People in the market for an iPhone 6s or 6s Plus, may have heard that there’s two different chips (Apple’s A9 SoC) powering the phones – one manufactured by Samsung and the other by TSMC. While the chip from both foundries are supposed to perform identically, the manufacturing processes used by TSMC and Samsung are not the same.
Once the secret of the Apple dual sourcing was out, gadget Web sites began testing the phones to compare the two version of the A9 processor. The result showed that the two versions do not appear to operate exactly the same. This could have a legitimate impact on which phone consumers chose, depending on how they use their phones. This situation has led to some consumer concerns that may have been inflated by some unrealistic testing.
One real difference is the physical size of the SoC - the Samsung die is 8% smaller than the TSMC chip. The size difference could be due to some small difference in the transistor size. Both companies have new 3D transistor processes - TSMC advertise its process as 16 nm FinFET, while Samsung calls its process 14 nm FinFET, implying the Samsung transistor should be smaller than the TSMC transistor. But the process names are no longer directly connected to process feature sizes and are now more marketing designations.
The difference in die size might also be explained by the different design libraries used to build the two chips. Even though the chips are functionally identical, the A9 design team had to work with each foundry’s unique design libraries. For example, the SRAM cell used for caches can differ in transistor count and area depending on the design of the standard library. But this difference in die size should not impact a consumer's experience in any way.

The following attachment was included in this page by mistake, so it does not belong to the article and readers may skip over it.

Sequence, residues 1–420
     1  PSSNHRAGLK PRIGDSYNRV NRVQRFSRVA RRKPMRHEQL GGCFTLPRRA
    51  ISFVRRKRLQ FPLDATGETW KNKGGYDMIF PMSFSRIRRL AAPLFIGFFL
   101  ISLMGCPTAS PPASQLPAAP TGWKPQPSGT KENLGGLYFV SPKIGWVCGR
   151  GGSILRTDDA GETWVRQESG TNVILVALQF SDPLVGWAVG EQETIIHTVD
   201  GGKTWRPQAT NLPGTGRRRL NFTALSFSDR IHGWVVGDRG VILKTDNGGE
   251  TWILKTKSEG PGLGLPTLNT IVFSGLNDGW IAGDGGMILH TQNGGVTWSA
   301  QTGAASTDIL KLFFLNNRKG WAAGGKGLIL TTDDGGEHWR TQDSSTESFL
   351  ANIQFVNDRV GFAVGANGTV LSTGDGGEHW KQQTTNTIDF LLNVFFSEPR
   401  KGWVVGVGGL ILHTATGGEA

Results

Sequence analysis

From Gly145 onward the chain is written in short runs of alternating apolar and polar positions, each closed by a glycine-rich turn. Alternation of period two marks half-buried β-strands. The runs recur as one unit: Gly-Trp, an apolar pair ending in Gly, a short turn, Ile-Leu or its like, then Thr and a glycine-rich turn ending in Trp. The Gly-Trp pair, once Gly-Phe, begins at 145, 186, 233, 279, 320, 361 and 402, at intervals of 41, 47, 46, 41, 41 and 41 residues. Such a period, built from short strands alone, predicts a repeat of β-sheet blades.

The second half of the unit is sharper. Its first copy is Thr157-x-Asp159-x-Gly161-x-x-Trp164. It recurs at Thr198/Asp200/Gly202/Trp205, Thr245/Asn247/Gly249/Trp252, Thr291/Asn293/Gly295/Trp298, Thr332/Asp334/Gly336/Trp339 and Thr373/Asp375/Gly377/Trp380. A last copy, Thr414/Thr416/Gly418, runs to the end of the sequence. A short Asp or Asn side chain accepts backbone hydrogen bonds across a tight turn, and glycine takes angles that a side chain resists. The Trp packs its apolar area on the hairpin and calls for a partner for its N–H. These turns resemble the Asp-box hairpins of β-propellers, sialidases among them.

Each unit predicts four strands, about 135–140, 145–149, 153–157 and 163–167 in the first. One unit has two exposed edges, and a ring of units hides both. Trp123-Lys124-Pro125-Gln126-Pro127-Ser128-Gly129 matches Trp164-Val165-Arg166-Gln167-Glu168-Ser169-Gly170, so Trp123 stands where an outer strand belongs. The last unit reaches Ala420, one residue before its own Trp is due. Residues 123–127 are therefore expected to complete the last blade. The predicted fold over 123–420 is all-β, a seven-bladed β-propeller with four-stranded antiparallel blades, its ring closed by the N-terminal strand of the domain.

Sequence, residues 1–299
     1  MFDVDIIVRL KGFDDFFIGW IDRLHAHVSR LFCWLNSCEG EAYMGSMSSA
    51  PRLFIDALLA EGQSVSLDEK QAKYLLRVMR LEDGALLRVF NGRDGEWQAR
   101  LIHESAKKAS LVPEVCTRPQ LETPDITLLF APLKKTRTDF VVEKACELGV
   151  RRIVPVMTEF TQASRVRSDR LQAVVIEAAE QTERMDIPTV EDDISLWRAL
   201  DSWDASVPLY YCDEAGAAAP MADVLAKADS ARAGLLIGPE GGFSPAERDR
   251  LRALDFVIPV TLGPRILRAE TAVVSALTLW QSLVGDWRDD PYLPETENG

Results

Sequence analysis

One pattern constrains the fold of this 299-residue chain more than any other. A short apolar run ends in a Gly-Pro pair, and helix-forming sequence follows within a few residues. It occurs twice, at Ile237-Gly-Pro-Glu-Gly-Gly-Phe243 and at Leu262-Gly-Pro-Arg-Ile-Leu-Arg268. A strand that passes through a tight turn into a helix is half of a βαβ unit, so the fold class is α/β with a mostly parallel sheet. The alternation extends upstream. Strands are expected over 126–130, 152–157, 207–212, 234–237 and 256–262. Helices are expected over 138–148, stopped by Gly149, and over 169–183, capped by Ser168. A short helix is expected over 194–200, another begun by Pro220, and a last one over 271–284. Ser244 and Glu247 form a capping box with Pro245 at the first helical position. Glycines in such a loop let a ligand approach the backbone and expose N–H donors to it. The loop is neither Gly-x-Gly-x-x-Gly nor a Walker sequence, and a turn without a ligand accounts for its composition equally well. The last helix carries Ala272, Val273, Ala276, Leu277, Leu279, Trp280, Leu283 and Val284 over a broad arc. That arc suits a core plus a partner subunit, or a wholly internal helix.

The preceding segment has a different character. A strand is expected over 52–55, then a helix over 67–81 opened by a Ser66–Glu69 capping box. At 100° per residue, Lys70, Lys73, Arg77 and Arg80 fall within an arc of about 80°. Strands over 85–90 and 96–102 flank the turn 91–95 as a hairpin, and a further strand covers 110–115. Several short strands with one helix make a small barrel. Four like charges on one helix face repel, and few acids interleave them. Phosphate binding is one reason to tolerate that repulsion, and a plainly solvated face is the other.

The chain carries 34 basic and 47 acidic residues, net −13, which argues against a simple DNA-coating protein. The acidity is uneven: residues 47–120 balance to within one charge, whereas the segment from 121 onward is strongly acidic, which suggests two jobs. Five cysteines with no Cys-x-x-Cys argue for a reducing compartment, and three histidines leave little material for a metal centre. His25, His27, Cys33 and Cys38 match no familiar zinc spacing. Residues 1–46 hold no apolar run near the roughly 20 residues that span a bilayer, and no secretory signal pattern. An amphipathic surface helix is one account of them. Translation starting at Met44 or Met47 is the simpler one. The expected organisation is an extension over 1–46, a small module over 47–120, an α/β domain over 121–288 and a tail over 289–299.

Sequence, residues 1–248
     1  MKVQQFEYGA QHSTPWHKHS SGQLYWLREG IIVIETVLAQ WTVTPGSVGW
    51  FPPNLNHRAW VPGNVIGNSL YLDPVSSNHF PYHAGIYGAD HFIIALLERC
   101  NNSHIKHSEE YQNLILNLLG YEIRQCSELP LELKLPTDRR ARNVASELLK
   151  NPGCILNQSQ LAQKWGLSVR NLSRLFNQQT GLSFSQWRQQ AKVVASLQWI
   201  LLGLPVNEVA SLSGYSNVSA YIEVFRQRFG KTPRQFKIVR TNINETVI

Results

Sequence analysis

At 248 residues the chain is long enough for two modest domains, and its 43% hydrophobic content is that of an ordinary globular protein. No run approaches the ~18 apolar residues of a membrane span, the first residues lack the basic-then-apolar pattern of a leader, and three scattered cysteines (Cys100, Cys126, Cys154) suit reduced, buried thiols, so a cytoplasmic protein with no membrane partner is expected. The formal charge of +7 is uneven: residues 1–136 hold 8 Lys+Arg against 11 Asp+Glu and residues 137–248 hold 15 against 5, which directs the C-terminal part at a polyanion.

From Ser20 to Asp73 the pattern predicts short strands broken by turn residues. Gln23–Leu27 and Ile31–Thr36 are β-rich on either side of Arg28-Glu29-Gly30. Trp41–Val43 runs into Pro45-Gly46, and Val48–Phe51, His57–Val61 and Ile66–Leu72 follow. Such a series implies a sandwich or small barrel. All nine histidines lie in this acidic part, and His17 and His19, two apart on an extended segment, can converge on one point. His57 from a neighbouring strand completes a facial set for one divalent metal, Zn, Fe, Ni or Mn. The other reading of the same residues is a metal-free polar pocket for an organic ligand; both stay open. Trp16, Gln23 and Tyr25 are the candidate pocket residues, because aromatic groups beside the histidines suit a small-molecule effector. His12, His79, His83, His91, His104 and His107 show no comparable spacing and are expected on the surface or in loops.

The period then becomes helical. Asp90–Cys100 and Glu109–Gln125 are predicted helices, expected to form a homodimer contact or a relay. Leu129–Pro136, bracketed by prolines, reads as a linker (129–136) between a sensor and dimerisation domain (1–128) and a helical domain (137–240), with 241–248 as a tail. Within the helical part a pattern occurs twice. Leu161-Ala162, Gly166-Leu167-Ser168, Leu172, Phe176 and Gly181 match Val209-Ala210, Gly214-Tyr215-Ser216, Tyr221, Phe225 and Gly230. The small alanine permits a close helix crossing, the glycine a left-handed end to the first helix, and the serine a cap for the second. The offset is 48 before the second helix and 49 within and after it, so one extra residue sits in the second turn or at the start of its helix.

Testing from a number of sites have shown that there’s another difference – the TSMC parts (at least those few tested so far) have shown to have longer battery lives than the Samsung version. The actual extent of the difference is a matter of some controversy. Some tests, like GeekBench and AnTuTu, have shown a significant difference in battery life between the two chips.
Apple felt compelled to comment. The company said the differences should be only 2 to 3% in real world conditions. Apple’s response gets to the core of the problem: Were the tests real world enough? The tests did show that under heavy CPU-focused processing, the battery did drain faster. But in real world conditions, a normal user would use the CPU periodically, not constantly. That said there does seem to be some significant differences between the two chips and the question is why the difference.